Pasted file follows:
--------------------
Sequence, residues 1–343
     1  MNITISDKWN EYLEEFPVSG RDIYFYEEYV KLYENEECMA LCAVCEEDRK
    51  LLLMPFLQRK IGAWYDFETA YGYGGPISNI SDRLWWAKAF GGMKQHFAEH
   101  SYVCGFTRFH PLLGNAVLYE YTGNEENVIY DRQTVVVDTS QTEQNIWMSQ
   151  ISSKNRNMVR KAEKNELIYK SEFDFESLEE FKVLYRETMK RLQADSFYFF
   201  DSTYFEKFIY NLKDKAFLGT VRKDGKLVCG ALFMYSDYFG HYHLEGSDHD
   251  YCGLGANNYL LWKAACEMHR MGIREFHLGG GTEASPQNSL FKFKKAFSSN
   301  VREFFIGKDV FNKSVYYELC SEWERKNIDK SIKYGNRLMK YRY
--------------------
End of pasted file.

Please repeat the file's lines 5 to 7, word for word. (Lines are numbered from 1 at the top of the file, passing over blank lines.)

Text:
   151  ISSKNRNMVR KAEKNELIYK SEFDFESLEE FKVLYRETMK RLQADSFYFF
   201  DSTYFEKFIY NLKDKAFLGT VRKDGKLVCG ALFMYSDYFG HYHLEGSDHD
   251  YCGLGANNYL LWKAACEMHR MGIREFHLGG GTEASPQNSL FKFKKAFSSN